Oh my god, what a hoot!! I had NO IDEA this was a tradition!! I thought it was something that Martin had made up himself or that it was a game all his school friends had come up with together. That is so funny!!


Well, they are certainly more creative than my generation! LOL!


This seems kind of like the equivalent of "step on a crack, break your mother's back" that we had growing up in the States. Martin didn't know that one...I suppose it's not a Swedish kid thing?

If the kids' paternal grandparents were city kids in their youth, I'm quite sure they also know the drill. But I thought K stands for Kärlek (love) while V is just Vänskap (friendship)?

Recently I read a comment from the waterworks and energy company, what these letters really mean. From the very beginning, they were meant to symbolise cold water (K), hot water (V), sewers (A) and so on, but nowadays many cities install whatever manhole they have at home and have drawings elsewhere which waterline goes where. It would cost too much to have a supply of each letter at home. In some places they may still follow the letters though.

Thanks for that info, I had no idea what they actually stood for though of course it makes sense. Martin just told me "vänner" so I guess it's whatever is the thing now that matters.

And the parental grandparents were farm kids from Eslöv and Osby :)

I'm the friendly manhole underneath your feet, would you hop inside my hole?
I got pictures, got candy, I'm on every street and I can take you to your nearest goal.

(Freely adopted from the opening lines in Vehicle, Ides of March 1970 :-)

I remember being the age that Martin is now, creating intricate patterns and reasons for everything. One summer, at camp, I had assigned meaning and rituals to nearly every tree. That same summer, when I got lost in the woods but found my way back, just in time!, I was convince that it must have been God that helped me.

It was kind of beautiful, believing like that. Fascinating too. I even started going to church for a bit too.

I liked your responses. I wasn't allowed to talk about "my faith" with my Mom who was and is a devout athiest. It bothered me that she wasn't open to my ideas, because I needed to explore them.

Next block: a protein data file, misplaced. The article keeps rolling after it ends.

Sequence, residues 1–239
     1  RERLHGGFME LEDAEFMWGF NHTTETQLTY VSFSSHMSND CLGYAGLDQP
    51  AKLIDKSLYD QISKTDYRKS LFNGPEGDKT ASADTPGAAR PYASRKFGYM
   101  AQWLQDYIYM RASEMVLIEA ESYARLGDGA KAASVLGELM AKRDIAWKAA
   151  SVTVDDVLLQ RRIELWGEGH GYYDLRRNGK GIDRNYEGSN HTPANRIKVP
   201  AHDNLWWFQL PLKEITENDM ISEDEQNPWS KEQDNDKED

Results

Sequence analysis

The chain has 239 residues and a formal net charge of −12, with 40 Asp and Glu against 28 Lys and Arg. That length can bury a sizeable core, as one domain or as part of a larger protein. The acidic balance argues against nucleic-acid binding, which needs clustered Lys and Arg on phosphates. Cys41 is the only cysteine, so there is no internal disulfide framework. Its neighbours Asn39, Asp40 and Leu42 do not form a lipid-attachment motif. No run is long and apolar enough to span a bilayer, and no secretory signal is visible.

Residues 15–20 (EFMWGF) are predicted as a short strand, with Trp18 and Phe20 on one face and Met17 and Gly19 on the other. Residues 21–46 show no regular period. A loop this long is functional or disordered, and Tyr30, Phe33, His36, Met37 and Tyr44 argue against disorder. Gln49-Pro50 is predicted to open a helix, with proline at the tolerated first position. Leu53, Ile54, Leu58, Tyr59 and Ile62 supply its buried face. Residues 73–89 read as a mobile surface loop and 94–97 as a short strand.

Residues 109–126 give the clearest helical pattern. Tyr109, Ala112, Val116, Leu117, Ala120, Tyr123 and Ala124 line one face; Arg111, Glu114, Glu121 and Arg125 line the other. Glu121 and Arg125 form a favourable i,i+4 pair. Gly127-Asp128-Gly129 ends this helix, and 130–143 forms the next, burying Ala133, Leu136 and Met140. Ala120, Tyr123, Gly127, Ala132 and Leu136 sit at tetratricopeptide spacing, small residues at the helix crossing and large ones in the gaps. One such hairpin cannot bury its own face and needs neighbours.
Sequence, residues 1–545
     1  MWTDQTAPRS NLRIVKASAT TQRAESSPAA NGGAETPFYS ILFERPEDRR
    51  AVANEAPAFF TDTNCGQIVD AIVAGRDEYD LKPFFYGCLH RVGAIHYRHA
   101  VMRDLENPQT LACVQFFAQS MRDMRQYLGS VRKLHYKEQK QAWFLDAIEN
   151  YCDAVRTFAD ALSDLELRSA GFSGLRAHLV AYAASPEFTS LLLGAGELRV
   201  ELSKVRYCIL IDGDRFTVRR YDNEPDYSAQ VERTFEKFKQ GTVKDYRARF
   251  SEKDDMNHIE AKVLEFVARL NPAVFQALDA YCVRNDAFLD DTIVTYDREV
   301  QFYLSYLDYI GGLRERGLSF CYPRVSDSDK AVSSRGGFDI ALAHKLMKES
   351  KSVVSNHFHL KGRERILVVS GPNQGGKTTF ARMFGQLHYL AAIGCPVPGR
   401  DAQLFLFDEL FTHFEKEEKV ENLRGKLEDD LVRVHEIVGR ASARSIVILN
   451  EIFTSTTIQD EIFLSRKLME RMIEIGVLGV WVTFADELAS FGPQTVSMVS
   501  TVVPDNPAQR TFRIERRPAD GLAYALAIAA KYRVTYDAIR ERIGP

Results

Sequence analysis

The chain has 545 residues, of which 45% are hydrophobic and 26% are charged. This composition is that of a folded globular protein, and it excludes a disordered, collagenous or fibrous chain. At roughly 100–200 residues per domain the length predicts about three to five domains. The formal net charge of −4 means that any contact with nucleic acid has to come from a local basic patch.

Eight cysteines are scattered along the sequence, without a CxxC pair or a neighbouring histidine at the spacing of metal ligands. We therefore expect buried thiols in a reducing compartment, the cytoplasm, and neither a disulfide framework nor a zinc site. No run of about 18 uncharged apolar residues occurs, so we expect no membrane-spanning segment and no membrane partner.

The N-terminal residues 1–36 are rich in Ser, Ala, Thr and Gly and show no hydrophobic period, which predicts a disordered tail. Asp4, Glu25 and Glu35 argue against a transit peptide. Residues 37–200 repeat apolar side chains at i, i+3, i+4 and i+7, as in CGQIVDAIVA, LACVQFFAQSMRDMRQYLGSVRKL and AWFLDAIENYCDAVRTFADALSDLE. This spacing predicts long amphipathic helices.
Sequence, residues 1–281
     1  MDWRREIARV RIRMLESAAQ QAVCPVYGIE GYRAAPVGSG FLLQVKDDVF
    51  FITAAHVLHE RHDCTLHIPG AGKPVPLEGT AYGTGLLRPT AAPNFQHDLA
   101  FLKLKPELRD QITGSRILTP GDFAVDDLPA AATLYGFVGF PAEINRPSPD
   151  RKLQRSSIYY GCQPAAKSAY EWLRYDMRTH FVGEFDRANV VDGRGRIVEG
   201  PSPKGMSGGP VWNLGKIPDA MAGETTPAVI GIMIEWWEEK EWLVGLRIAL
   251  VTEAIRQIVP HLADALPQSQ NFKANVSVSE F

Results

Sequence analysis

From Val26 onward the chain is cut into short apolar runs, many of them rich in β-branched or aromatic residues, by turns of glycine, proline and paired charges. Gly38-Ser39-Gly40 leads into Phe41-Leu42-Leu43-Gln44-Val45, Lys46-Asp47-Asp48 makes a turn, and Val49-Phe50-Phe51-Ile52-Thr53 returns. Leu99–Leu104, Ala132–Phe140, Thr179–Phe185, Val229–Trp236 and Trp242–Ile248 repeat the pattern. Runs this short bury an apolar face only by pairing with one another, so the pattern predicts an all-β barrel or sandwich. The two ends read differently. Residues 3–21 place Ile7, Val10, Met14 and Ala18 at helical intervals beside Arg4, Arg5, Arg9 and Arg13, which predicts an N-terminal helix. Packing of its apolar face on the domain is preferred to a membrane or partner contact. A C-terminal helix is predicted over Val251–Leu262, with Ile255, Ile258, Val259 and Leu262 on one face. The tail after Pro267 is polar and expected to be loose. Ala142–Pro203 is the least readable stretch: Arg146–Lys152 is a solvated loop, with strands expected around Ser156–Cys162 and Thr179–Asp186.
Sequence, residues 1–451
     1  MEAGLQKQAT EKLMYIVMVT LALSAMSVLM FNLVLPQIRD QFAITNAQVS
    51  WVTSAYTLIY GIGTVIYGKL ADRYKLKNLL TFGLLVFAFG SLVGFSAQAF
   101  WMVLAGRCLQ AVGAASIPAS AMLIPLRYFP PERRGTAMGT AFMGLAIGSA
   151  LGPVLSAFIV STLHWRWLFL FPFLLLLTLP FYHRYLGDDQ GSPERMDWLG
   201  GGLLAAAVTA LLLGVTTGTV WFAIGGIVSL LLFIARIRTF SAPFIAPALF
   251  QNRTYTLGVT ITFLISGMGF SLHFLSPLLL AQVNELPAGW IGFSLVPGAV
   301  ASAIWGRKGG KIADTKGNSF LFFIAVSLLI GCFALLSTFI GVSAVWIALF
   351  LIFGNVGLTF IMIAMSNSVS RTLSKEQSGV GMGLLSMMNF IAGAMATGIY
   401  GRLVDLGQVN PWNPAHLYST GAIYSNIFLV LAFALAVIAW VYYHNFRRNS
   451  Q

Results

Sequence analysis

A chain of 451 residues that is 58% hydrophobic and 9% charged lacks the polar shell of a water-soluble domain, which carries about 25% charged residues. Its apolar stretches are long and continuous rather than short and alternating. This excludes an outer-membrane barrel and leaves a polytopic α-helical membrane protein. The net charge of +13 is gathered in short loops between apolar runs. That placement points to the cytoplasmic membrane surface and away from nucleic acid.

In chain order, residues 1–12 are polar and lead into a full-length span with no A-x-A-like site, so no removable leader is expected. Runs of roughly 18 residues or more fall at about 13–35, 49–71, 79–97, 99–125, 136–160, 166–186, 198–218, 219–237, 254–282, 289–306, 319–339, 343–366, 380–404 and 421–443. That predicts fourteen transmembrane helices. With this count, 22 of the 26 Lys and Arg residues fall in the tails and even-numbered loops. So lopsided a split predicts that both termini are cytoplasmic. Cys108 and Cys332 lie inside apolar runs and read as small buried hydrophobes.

You and Martin are soulmates, that is exactly how he is thinking. It's really cool to watch (and also to recognize my own past inner child in the one that is growing up in front of me)

(no subject) - (Anonymous)

I love the ones in Malmö. They have royal griffin heads on them!

Your kids crack me up again!

They do it to me, all the time :D

I still avoid the A once, so silly.

i found a little plastic turtle figurine while staying at the beach in NC years ago. i still have it. found animals are very important, whether they prove god's existence or not. :-)

I have all the little treasures I've found over the years, too. They're in my shadow box :)

What a SWEET story! I never even considered the possibility of a God-type entity until I was in my mid-to-late 30's. That seems odd to me now since the nuns forced me to go to Mass six days a week and tried to teach me in religion class five days a week...for 8 years. It was only when I reached middle age that I realized that I'd never once (as a child) believed anything they were trying to shove down my throat. It (that theology) still doesn't compute with me, so the fact that you're allowing Martin to find his way in his OWN way is a lovely thing.

I was allowed to make up my own mind and never chastised for my attempts at research, even in the midst of what must have been the most irritating teenage-self-righteous-bible-study-goody-two-shoes-phase EVER :)

How precious. I love that you let him take on the world from his perspective, while encouraging him to see it broadly.

It's very important to me that my children learn about all the different kinds of faith and belief out there and that they make up their own minds, as I was allowed to :)


This post brought me right back to my childhood. Ah! The wonder, the imagination, the play. So, so beautiful.


this is a great entry on so many levels. And James does things like Martin. Unexpectedly wise, and beautiful, and kindly gestures, that make you wonder where did the boy creature go.

Being slightly less than overwhelmed with faith I often question what I should tell my children. To believe with total faith, or to decide to believe after reading and thus not having faith but rather reaching a decision.

Sounded for a moment there that Martin had his road to Damacus moment. I am totally unsure where small platic blue dinosaurs rank in the scheme of messages from God - but definitely safer for small children than a burning bush. Maybe you need to consult a biblical scholar?

Step on some K's for me.